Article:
A computer can convert data into information that is useful to people.
A complete computer system includes four distinct parts:
The Parts of a Computer System - What is a Computer? A computer is an electronic device used to process data.
A computer's hardware consists of electronic devices; the parts you can see and touch.
The term "device" refers to any piece of hardware used by the computer, such as a keyboard, monitor, modem, mouse, etc.
The Parts of a Computer System - Hardware
Software – also called programs – consists of organized sets of instructions for controlling the computer.
Some programs exist for the computer's use, to help it manage its own tasks and devices.
Other programs exist for the user, and enable the computer to perform tasks for you, such as creating documents.
The Parts of a Computer System - Software
Data consists of raw facts, which the computer can manipulate and process into information that is useful to people.
Computerized data is digital, meaning that it has been reduced to digits, or numbers. The computer stores and reads all data as numbers.
Although computers use data in digital form, they convert data into forms that people can understand, such as text, numerals, sounds, and images.
The Parts of a Computer System - Data
Ten different symbols in the decimal system Numbers above 9 use more than 1 digit
People are the computer's operators, or users.
Some types of computers can operate without much intervention from people, but personal computers are designed specifically for use by people.
The Parts of a Computer System – Users
Looking Inside the Machine
Types of Hardware
How Memory is Measured
Input and Output Devices
A computer's hardware devices are categorized as follows:
Input and output (I/O) devices
Looking Inside the Machine – Types of Hardware
01001010 01101010 01101111 10001111 10000000
Looking Inside the Machine - The CPU
The procedure that transforms raw data into useful information is called processing. This function is divided between the computer's processor and memory.
The processor is also called the central processing unit (CPU). It manages all devices and performs the actual processing of data.
The CPU consists of one or more chips attached to the computer's main circuit board (the motherboard).
Memory also consists of chips attached to the motherboard.
Memory holds data and program instructions as the CPU works with them. This memory is called Random Access Memory (RAM).
The CPU can find any piece of data
in RAM, when it needs it for processing.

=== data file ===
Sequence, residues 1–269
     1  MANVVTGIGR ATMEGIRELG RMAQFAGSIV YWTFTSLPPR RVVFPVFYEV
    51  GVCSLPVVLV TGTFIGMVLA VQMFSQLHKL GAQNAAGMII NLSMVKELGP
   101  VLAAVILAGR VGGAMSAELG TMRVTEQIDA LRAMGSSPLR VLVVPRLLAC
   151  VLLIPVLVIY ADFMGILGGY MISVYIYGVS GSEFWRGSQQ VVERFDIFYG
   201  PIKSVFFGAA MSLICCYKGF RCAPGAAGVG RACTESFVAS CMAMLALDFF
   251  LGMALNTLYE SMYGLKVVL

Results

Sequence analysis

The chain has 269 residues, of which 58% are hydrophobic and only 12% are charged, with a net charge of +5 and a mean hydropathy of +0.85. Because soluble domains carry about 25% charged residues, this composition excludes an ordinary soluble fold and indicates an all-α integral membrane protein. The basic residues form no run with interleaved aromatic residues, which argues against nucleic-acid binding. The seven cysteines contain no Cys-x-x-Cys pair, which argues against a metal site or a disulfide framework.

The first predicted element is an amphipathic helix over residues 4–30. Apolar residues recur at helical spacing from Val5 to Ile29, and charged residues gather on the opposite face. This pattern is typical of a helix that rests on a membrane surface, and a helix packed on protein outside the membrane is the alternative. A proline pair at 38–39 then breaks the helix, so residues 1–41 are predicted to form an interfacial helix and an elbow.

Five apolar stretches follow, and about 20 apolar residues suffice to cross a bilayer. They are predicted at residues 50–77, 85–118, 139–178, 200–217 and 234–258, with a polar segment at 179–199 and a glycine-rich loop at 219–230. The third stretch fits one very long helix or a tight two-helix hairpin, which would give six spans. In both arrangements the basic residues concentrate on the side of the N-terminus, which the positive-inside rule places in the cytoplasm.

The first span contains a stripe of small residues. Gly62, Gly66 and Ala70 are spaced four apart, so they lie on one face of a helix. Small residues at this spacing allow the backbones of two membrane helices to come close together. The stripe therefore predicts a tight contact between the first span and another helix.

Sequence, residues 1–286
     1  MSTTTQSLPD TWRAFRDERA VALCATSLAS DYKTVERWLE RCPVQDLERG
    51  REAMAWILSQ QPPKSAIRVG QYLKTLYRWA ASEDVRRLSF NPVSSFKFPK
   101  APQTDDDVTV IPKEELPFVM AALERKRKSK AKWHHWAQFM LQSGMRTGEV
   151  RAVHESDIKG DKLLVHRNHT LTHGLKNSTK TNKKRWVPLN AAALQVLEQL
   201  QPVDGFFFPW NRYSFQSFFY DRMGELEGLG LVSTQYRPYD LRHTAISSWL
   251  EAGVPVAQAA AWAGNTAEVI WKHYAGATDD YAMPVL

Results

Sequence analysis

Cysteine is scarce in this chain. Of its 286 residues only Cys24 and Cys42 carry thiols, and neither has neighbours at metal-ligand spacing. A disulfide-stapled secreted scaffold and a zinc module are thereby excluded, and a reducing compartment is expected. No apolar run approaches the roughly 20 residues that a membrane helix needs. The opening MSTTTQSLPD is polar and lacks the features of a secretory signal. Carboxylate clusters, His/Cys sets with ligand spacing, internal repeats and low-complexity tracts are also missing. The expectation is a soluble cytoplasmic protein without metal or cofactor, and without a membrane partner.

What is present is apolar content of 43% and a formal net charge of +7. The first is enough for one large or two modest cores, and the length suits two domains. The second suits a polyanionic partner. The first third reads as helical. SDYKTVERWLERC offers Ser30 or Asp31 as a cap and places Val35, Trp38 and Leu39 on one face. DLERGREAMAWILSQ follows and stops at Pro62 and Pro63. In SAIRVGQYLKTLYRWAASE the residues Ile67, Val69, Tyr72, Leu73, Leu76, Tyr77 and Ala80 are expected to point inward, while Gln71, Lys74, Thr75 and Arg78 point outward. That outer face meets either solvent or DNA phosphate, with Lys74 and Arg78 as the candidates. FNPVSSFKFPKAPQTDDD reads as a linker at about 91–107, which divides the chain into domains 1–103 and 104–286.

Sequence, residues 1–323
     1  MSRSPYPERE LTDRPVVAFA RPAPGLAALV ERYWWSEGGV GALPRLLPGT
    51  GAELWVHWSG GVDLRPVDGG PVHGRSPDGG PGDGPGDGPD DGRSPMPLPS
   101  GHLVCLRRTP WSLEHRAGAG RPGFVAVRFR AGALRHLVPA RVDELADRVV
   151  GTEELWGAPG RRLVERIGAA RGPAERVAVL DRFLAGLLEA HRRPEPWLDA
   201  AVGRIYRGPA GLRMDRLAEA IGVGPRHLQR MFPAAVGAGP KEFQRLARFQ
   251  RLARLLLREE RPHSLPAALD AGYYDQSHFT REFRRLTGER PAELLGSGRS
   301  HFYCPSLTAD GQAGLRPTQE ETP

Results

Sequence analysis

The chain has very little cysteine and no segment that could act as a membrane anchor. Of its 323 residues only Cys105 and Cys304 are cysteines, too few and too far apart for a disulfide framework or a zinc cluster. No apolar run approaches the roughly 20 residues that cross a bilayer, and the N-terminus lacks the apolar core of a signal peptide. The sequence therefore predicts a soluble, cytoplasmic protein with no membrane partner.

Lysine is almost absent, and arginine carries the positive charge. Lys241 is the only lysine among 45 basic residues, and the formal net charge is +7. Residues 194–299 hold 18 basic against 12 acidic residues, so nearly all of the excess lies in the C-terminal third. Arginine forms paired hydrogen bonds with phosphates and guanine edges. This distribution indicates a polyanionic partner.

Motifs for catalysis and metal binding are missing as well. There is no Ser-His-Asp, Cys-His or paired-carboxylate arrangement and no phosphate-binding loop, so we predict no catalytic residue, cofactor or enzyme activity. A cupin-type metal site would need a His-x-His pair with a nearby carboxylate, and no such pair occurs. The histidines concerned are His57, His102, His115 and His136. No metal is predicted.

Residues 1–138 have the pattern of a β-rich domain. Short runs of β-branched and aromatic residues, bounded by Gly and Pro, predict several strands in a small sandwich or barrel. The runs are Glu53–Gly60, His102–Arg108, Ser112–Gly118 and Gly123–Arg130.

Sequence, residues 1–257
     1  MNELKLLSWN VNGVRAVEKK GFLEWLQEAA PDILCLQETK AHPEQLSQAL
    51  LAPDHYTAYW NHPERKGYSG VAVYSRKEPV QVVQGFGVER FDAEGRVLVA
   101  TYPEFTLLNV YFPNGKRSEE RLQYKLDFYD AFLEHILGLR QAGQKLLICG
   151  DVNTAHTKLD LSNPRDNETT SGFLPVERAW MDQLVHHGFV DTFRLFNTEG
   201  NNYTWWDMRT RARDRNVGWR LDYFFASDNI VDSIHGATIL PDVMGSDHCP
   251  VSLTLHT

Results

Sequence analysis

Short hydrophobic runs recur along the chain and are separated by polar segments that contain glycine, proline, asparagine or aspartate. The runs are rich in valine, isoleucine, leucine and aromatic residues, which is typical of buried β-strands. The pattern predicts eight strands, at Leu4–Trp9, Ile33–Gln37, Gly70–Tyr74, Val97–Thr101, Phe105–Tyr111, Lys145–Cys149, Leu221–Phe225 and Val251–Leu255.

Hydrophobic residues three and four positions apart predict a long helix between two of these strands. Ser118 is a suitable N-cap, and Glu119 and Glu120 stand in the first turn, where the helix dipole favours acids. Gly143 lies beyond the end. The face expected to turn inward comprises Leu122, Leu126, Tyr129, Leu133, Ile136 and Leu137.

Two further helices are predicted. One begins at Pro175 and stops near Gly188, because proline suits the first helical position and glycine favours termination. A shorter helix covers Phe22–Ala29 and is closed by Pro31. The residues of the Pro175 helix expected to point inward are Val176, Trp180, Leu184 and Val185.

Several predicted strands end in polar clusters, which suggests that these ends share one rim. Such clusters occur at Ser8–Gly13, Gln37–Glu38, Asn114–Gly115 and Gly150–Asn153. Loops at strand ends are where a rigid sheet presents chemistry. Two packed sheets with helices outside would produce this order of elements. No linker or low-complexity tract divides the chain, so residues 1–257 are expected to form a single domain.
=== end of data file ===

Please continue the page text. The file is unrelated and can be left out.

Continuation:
RAM is volatile, meaning it holds data
only when the power is on. When the power
is off, RAM's contents are lost.
Looking Inside the Machine - Memory
The smallest usable unit of measure for memory is the byte – the amount of memory required to hold one character, like the letter A or the numeral 2.
Computers work with larger chunks of data, measured in multiple bytes, as shown below:
Unit Approx. Value Actual Value (bytes) (bytes) Kilobyte (KB) 1,000 1,024 Megabyte (MB) 1,000,000 1,048,576 Gigabyte (GB) 1,000,000,000 1,073,741,824 Terabyte (TB) 1,000,000,000,000 1,099,511,627,776 Looking Inside the Machine – How Memory is Measured
Input devices accept data and instructions from the user or from another computer system. The keyboard and mouse are examples of input devices.
Output devices return processed data back to the user or to another computer system. The printer and monitor are examples.
Communications devices (such as modems and network interface cards) perform both input and output, allowing computers to share information.
Looking Inside the Machine – Input and Output Devices
Storage devices hold data not currently being used by the CPU. Data is commonly stored on a magnetic or optical disk. Each type uses a special medium for storing data on its surface.
A disk drive is a device that reads data from and writes data to a disk. Most new computers feature a floppy disk drive, a hard disk drive, and an optical disk drive.
The most common optical storage devices are CD-ROM and DVD-ROM drives.
Looking Inside the Machine - Storage Devices
Software: Bringing the Machine to Life
What is Software?
Software is a set of electronic instructions that tells the computer how to do certain tasks. A set of instructions is often called a program.
When a computer is using a particular program, it is said to be running or executing the program.
The two most common types of programs are system software and application software.
Bringing the Machine to Life – What is Software?
System software exists primarily for the computer itself, to help the computer perform specific functions.
One major type of system software is the operating system (OS). All computers require an operating system.
The OS tells the computer how to interact with the user and its own devices.
Common operating systems include Windows, the Macintosh OS, OS/2, and UNIX .
Bringing the Machine to Life – System Software
Application software tells the computer how to accomplish tasks the user requires, such as creating a document or editing a graphic image.
Some important kinds of application software are:
W ord processing programs S preadsheet software D atabase management P resentation programs G raphics programs N etworking software W eb design tools and browsers I nternet applications C ommunications programs U tilities E ntertainment and education M ultimedia authoring Bringing the Machine to Life - Applications
lesson 1 review
List the four parts of a computer system.
Identify four types of computer hardware.
List five units of measure for computer memory and storage.
Provide two examples of input and output devices.
Name and describe three types of storage devices.
Differentiate the two main categories of computer software.